So, how does a second-tier candidate get out of Siberia?  By emulating Newt Gingrich’s strategy.  It is easy to forget that not too long ago Gingrich was also languishing in loserville, all but written off by the national press.  But he used the debates to resurrect his candidacy.  He did so by understanding how to make his points using succinct catch phrases or referencing iconic symbols that resonated with Republican voters’ views, and by sprinkling in a steady barrage of barbs aimed at every Republicans’ favorite whipping boy: the liberal media.  As an example, here’s how he responds to a question during Saturday’s debate on how to deal with Iran’s nuclear program:

“GINGRICH:  First of all, abs — maximum covert operations to block and disrupt the Iranian program, including taking out their scientists, including breaking up their systems, all of it covertly, all of it deniable. Second, maximum…

(LAUGHTER)

GINGRICH:  — maximum coordination with the Israelis in a way which allows them to maximize their impact in Iran.

GINGRICH:  Third, absolute strategic program comparable to what President Reagan, Pope John Paul II and Margaret Thatcher did to the Soviet Union, of every possible aspect short of war of breaking the regime and bringing it down. And I agree entirely with Governor Romney.  If in the end, despite all of those things, the dictatorship persists you have to take whatever steps are necessary to break its capacity to have a nuclear weapon.”

Note what he’s done here.  The answer is short, and entertaining, and it includes references indicating he supports Israel, and implies that his policy would have the support of those Republican icons Ronald Reagan, John Paul II, and Margaret Thatcher who, by following a similar strategy, brought down the Soviet Union!  (See, it works!)  As icing on the cake, he obeys Reagan’s 11th commandment by praising the answer by his chief rival Mitt Romney.  This is vintage Gingrich, and by dint of repeated answers like this, he has charted a slow but steady rise in the polls.  (I need not take the time here to remind you that I cautioned long ago not to write Gingrich off, so don’t say you weren’t warned!)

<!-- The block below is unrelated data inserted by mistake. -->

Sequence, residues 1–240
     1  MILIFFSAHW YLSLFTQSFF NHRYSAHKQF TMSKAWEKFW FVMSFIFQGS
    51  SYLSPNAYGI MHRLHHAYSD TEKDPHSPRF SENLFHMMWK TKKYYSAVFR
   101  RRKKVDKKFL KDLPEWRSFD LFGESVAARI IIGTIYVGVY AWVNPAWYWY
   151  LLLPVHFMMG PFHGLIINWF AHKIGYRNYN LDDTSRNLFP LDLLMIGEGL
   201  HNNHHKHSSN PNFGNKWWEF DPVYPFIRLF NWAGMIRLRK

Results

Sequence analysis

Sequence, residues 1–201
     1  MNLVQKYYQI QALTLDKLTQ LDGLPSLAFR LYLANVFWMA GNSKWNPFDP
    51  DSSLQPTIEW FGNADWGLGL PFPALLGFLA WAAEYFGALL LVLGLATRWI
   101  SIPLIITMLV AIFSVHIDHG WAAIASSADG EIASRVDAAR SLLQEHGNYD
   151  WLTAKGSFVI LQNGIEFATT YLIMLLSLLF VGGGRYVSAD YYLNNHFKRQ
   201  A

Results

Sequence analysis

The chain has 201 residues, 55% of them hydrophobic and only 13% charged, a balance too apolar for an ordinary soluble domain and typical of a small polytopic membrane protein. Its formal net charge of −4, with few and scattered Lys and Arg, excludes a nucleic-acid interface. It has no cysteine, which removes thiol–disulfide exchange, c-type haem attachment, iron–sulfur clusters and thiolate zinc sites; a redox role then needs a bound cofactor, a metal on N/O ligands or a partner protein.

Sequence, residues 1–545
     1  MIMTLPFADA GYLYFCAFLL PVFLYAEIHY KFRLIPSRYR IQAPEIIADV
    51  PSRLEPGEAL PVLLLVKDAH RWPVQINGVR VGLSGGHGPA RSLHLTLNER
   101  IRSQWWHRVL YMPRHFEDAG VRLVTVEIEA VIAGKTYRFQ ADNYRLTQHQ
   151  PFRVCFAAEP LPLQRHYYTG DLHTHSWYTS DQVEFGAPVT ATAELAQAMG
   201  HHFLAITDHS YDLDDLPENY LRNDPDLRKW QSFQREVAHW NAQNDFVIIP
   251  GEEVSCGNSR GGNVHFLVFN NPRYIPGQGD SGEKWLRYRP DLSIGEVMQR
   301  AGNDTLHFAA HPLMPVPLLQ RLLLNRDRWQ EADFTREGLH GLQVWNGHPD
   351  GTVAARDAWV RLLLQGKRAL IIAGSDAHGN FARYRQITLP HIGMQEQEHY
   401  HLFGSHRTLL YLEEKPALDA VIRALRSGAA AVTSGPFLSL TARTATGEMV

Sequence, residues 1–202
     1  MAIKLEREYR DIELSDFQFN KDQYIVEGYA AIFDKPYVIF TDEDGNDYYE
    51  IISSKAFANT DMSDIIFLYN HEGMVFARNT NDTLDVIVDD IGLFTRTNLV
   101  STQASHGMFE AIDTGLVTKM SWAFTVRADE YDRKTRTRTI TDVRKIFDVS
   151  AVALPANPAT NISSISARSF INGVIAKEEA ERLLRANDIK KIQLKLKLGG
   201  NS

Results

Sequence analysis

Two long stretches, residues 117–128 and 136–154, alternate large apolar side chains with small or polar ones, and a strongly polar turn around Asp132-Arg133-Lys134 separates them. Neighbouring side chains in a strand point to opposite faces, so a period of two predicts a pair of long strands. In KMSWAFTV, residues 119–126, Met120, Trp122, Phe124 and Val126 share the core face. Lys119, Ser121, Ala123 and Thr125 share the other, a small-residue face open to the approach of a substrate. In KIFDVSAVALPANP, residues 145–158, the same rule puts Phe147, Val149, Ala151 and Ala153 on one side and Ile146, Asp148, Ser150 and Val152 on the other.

Look, I understand Bachmann’s frustration, and that of Santorum, Huntsman and Paul.  Media coverage is biased against them.   The bias reflects the difficulty of covering eight candidates in the depth they deserve.  So the media makes choices that inevitably favor some candidates over others.  If I want to get out of Siberia, however, it is not going to help much by complaining that it’s too cold there. Instead, Bachmann needs to strap on her skis, harness the sled dogs, and start moving to warmer climes, either by charting her own trail or following Gingrich’s path.  And she’d better hurry.

 

Bachmann and Palin: Gender or Generational Gap?